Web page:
The last of the Yamas

The final three Yamas are Asteya, Brahmacharya and Aparigraha – Sanskrit terms which again can be interpreted by the individual. Recently there has been a lot of discussion in the yoga world about what is and what is not appropriate to embrace from other cultures. The Yamas and Niyamas go back thousands of years, as does the Sanskrit language which I personally feel is a beautiful and eloquent way of viewing the world. If we are learning the history, the context, being respectful, considering viewpoints and making interpretations in order to better ourselves and every living thing around us then I believe that this has to be a positive act.
  1. Asteya – Non-Stealing
How do we interpret not stealing in a yoga practice?
  • Don’t steal your positivity and turn it into negative feelings about yourself or your practice.
  • Don’t steal your energy – challenge yourself when the time is right but if your body craves rest then listen to it’s calling.
  • Be inspired but don’t steal postures or ideas that are not in line with your own authenticity.
  • Do steal yourself away from the television, your phone, your distractions to get on your mat – It’s worth it 😉
  1. Brahmacharya – Right use of energy
Over time, yoga practice starts to become about an inward journey, one where we begin to switch off from the external distractions around us and slowly form awareness of the subtle signs from our body; the way that we need to move, when to stretch, to hold tension and when to let go. Everyone’s yoga journey is an individual journey and there are no rules, not one person or fixed idea that we must adhere to or obey. Brahmacharya can be about abstaining from destructive thoughts and processes and instead, doing the things that will help to nurture, nourish and heal us.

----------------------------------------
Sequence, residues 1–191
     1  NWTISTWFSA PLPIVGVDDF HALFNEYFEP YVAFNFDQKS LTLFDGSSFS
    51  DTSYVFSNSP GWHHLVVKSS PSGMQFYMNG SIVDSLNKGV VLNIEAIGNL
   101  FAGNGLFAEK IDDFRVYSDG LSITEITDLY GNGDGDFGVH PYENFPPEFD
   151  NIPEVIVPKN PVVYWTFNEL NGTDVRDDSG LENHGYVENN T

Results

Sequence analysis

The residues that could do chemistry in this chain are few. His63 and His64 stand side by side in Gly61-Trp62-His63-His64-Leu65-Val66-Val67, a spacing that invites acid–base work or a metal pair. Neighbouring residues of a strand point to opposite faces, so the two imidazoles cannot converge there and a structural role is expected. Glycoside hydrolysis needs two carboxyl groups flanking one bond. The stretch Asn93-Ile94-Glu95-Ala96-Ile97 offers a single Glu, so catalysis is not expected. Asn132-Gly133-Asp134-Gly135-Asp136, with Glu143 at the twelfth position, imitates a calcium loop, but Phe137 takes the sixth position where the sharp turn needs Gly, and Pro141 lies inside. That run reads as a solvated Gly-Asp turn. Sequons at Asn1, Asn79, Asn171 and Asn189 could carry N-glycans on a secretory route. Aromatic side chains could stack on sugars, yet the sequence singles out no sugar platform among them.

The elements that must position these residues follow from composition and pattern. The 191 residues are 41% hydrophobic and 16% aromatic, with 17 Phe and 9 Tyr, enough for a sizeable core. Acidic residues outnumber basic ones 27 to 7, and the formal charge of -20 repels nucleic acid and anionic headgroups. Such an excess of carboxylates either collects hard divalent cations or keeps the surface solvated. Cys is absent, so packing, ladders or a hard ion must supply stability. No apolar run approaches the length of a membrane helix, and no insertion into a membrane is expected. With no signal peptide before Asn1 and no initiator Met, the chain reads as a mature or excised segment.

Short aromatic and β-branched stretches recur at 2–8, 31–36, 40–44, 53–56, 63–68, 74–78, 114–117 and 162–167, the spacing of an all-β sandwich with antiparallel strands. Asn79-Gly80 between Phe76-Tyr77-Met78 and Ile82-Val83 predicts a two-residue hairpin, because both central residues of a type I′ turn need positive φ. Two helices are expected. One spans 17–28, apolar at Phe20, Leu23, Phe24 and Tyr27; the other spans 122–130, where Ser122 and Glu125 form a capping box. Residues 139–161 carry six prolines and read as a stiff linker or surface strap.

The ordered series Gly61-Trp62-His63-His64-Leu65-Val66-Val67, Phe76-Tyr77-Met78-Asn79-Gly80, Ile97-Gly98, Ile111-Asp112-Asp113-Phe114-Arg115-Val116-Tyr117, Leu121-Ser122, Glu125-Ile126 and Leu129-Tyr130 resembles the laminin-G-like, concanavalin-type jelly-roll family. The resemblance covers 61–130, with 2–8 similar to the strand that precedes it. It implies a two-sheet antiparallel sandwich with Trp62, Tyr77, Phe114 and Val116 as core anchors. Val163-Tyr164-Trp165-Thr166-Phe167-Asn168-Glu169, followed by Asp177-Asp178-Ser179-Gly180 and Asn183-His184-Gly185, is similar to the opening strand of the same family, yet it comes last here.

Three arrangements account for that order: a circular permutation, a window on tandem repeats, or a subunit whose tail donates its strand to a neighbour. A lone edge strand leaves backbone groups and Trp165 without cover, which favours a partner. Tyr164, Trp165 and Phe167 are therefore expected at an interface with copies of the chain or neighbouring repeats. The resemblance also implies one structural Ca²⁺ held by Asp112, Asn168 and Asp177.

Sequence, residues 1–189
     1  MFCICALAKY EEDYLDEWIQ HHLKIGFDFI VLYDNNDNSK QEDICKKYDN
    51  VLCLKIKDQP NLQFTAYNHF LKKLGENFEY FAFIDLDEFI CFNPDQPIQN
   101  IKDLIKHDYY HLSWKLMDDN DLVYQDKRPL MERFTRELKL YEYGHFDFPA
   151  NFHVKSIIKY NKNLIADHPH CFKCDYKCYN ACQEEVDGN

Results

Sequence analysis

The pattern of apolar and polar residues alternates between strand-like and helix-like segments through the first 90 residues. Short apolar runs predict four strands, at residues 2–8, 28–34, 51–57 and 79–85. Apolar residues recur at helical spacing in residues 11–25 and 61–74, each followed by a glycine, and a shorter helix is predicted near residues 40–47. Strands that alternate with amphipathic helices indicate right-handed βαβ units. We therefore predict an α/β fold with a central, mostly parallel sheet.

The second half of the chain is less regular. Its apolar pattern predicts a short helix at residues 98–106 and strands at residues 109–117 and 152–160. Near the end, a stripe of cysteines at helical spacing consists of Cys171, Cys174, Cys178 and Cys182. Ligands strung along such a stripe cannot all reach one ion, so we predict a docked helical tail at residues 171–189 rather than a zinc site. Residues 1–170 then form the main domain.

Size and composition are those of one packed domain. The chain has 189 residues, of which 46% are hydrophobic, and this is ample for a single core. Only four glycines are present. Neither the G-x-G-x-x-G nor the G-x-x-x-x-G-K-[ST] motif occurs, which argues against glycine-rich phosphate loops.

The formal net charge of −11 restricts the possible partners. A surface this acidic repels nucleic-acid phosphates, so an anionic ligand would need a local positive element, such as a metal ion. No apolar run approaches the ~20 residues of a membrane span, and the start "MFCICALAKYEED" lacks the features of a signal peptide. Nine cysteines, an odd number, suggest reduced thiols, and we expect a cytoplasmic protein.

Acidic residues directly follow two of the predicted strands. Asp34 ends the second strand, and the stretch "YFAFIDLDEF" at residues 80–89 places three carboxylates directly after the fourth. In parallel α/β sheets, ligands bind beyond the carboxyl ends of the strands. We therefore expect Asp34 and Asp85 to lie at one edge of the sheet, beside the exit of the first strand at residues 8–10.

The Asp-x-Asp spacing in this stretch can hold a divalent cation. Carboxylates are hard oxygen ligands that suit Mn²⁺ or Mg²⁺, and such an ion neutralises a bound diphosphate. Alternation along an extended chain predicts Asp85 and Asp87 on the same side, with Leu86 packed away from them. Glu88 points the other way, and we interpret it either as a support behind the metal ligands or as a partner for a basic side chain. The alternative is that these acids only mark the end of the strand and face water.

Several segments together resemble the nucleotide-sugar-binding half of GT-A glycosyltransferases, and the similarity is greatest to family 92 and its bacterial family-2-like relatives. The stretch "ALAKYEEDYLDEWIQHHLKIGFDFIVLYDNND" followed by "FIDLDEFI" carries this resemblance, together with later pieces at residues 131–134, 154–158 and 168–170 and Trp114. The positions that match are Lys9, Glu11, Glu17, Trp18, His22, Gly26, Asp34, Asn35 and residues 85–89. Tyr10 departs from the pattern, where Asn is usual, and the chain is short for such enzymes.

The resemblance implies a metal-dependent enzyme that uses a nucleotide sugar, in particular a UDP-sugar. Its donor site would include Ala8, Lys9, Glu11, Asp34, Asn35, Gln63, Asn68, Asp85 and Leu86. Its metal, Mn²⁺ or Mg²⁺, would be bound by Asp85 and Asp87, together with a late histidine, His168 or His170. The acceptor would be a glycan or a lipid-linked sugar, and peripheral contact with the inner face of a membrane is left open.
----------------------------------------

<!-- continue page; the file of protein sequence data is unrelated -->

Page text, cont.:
When we are in the mind-set of acting from within rather than in order to look good, fit in or please others then our relationship towards ourselves and to those around us can change significantly. As we practice, as we move, as we take time for ourselves, then we can start to draw closer to operating from a place of compassion – no moving to live in a cave in the mountains required.
  1. Aparigraha – Non-attachment
The most common worry for people new to yoga is the flexibility fear. The belief that yoga is only for bendy, experienced athletics and that if you can’t touch your toes in class then you’ll be sent right to the back. Unfortunately, in a break of the illusion, when I roll out of bed in the morning and begin Surya Namaskara, I can’t touch my toes either. But is that what my body needs? Does my body need to be pushed and stretched to the limit so that I can live up to some kind of yoga ideal? Or does my body need to ease into the postures gently, to sometimes twist and yawn a little before I move?
In a traditional Ashtanga Mysore practice, we learn each new, individual posture depending on the limitations of the body, our readiness for a different challenge and the strength and flexibility we may have gradually acquired before reaching this point. Without Aparigraha, frustration can arise. Likewise, with any other style of yoga class, perhaps when we look around and see more advanced students or when we need to modify a certain posture. We may push our bodies and our minds anyway, trying to reach an unattainable or idealised place before we are ready which can result in injury or a feeling of vulnerability. Non-attachment can be accepting where we are in our own journey and not striving for something we don’t need in that moment.
As well as yoga on the mat, as soon as we leave class and take a look at our phones or walk past the shops on our way home, the image of yoga brand is being sold to us at all times. I really do wish that I could buy a pair of fancy yoga pants and be immediately amazing at handstands, but unfortunately I have realised that it is not going to happen. Of course, nice clothes are always allowed but the only thing that is really going to get me there is consistent practice and actually, letting go of the idea of how much better my life will be if I can do it.
What this means fundamentally is that yoga can be practiced anywhere by anybody because the only thing that you really need is you.

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